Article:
Well, guess what. No writer does—all the time. But students usually don’t know this.

Many teachers are shy about modeling because they’re afraid their work isn’t good enough. Ironically, this is the very fear that inhibits their students, and it’s a great comfort to students to know that we are sometimes unsure about our writing too. In truth, writing that needs work is the perfect thing to share because it offers a chance to model what students need to see: a writer who is looking for answers and needs help finding them. It gives students a chance to be problem solvers—which is excellent revision practice for them. This kind of modeling is easy to do, and fun for both the teacher-writer and the student coaches.

My suggestion is not to write in front of students when you want to focus on a specific question or problem. It simply takes too long. You won’t have enough time for discussion.

Start with a draft you’ve already written—double spaced so you have room for additions or notes. It doesn’t have to be long or finished. A rough paragraph will do nicely. You need to project it so students can read it as you share it aloud. Ideally, use a piece you haven’t revised much yet, preferably one you haven’t looked at for a few days. That way, you will also see it with new eyes. Before you share it, read it to yourself so you can come up with at least one specific question to ask your students. Here’s a piece from a story I’m writing about cats, and it’s one I would use for this purpose. In this scene, a highly intelligent, crafty cat is leaving home, but senses she is threatened by a circling eagle:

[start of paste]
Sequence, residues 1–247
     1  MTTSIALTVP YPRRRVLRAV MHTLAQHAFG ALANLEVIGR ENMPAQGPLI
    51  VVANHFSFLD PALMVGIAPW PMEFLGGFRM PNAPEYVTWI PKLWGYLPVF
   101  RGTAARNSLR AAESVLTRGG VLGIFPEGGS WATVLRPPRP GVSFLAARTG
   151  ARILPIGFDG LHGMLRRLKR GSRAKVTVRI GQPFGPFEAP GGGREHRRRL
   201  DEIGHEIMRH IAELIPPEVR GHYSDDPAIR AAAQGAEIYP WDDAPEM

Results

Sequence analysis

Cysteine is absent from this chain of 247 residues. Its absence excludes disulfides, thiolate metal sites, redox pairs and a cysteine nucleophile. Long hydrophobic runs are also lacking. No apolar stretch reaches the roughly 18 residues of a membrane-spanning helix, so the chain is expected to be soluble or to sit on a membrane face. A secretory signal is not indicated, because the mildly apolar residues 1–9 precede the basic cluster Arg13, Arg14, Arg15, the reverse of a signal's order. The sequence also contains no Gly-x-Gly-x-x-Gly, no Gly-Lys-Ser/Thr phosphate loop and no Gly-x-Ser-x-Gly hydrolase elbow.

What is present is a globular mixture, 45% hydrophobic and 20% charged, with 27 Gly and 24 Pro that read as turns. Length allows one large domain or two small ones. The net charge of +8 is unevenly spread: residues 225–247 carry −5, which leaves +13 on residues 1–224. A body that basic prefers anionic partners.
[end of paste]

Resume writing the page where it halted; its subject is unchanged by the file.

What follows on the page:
Keeping the big oak between herself and the raptor, she scaled the trunk with ease, emerging on a low branch that barely overhung the fence. Her belly skimming the bark, she crept down the length of the bough, pausing just where the overhead leaves began to thin, her body still camouflaged beneath their canopy.

The question I have for students is this: Is crept the right word here? This is a bigger question than you might think, and can lead to a whole lesson on word choice. I would have students brainstorm some alternatives: e.g., slinked, sidled, sneaked, skulked, slithered, crawled. Then I might ask them to confer with partners or in small groups to choose a favorite or come up with some other possibilities. I’d also share with them some strategies I’d use as a writer in finding the right word for this moment—starting with closing my eyes to picture the cat and almost feel her move. In addition, I’d talk about using an online thesaurus. Or a resource like the Oxford Dictionary of Synonyms and Antonyms. My favorite of all time is The Synonym Finder by J. I Rodale, wildly expensive to buy new, but available used for less than ten dollars—far better than a thesaurus. I can also do an online search for “words describing how cats move.” This kind of search is something students don’t always think to do, and it can be very helpful.